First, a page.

Leyland farm raided and man arrested after thousands of pounds worth of quad bikes and machinery stolen

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A number of stolen quad bikes and thousands of pounds worth of farm machinery has been recovered after police raided a farm in Leyland.

Police arrested a 32-year-old man in Lostock Hall on suspicion of theft, but he has since been released under investigation pending further enquiries.

Lancashire Police recovered a number of stolen quad bikes, mowers and trailers from addresses in Leyland and Lostock Hall in on Friday, November 9.

Lancashire Police recovered a number of stolen quad bikes, mowers and trailers from addresses in Leyland and Lostock Hall in on Friday, November 9.

The early morning raids on Friday, November 9 were part of a national crack down on rural crime, using public intelligence to identify suspects.

Rural Crime officers, assisted by neighbourhood policing teams, conducted warrants at a farm in Leyland and a home in Lostock Hall.

Officers found five stolen quad bikes, a stolen horse box and an industrial lawnmower at the farm. A 32-year-old man was arrested on suspicion of theft and on suspicion of money laundering.

Sgt Darren Carr said the success of the operation was "a direct result of intelligence from the public" and encouraged people to continue sharing information about rural crime with police.

Lancashire Police recovered a number of quad bikes, mowers and trailers from addresses in Leyland and Lostock Hall on Friday, November 9.

Lancashire Police recovered a number of quad bikes, mowers and trailers from addresses in Leyland and Lostock Hall on Friday, November 9.

Lancashire Police hailed the 'national day of action' as a success, after officers joined police forces from across England and Wales as part of Operation Checkpoint, a countrywide campaign to disrupt criminals who use road networks to steal property in rural areas.

The operation ran throughout Thursday, November 8 and into the early hours of Friday, November 9, with each force providing officers and specialist resources for their own areas.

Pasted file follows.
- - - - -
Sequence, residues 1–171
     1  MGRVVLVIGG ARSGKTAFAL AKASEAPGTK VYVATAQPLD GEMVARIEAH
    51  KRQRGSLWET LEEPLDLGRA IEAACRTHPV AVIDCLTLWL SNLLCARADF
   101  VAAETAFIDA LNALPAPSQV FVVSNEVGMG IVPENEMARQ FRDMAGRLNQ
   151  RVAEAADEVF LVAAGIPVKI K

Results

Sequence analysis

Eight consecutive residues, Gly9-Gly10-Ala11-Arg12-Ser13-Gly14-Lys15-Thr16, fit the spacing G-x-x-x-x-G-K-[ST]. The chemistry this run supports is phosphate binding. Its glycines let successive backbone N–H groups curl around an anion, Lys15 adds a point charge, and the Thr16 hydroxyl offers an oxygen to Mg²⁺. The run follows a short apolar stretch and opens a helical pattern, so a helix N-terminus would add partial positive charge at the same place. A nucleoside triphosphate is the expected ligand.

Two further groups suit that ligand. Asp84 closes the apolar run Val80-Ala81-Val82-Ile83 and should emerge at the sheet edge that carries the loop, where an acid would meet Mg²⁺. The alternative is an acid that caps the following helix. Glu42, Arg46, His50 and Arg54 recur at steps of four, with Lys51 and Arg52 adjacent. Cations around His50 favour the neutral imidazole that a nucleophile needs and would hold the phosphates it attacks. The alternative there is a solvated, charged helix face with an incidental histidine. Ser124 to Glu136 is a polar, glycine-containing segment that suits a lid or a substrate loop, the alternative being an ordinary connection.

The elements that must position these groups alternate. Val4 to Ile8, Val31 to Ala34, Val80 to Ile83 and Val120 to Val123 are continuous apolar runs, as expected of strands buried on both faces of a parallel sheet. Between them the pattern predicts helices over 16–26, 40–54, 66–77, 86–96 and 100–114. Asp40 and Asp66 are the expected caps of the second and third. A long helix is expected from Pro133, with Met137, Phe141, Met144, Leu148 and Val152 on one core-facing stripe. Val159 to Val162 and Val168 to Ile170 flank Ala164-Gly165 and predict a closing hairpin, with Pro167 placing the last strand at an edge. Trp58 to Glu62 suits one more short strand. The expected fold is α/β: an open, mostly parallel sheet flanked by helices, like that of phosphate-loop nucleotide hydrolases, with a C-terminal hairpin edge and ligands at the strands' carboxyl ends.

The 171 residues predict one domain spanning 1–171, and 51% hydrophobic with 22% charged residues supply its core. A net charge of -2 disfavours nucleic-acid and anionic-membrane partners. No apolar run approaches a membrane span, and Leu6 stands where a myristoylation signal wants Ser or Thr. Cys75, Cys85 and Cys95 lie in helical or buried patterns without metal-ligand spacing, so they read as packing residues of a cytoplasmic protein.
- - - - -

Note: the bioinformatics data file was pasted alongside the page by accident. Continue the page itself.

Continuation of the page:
Supt Julian Platt, of Lancashire Police, said: “This operation has been aimed primarily at disrupting organised crime groups who operate between force areas committing acquisitive crime, potentially countrywide and predominantly in rural areas.

“We have carried out a number of stop/checks across the county targeting vehicles and trailers carrying plant and agricultural machinery, as well as other vehicles relating to police intelligence.

“We have also provided high visibility reassurance to members of the public and rural communities, with a particular focus on the theft of plant and agricultural equipment, hare coursing and organised crime links.

“Seventy-four per cent of Lancashire’s geographical area is classed as rural. We are keen to work with the residents living in these areas to clamp down on criminals wherever they are from, and wherever they are going.

“Rural and wildlife officers are working with Lancashire Tactical Operations officers to extend their reach across Lancashire and stop cross border criminals.”

Recent police intelligence has shown organised crime groups targeting semi-rural cash machines across Lancashire and the North West.

Lancashire Police said that criminals targeting rural areas will often carry out reconnaissance of targets, including paying unusual attention to CCTV, traffic and footfall. The gangs have even been known to use industrial and farm equipment such as JCB diggers to smash into buildings to remove cash machines.

Clive Grunshaw, Lancashire’s Police and Crime Commissioner, added: “Rural crime can have a huge impact on victims and this is a great example of the work being done here in Lancashire to protect those who live and work in our rural areas.

"Protecting our rural communities is as much a priority for me as it is policing our more urban towns and cities and this is part of a long term commitment at Lancashire Constabulary to tackle rural crime.

"This campaign clearly demonstrates the enthusiasm and dedication our rural officers have to catch criminals who operate across the rural areas of the county."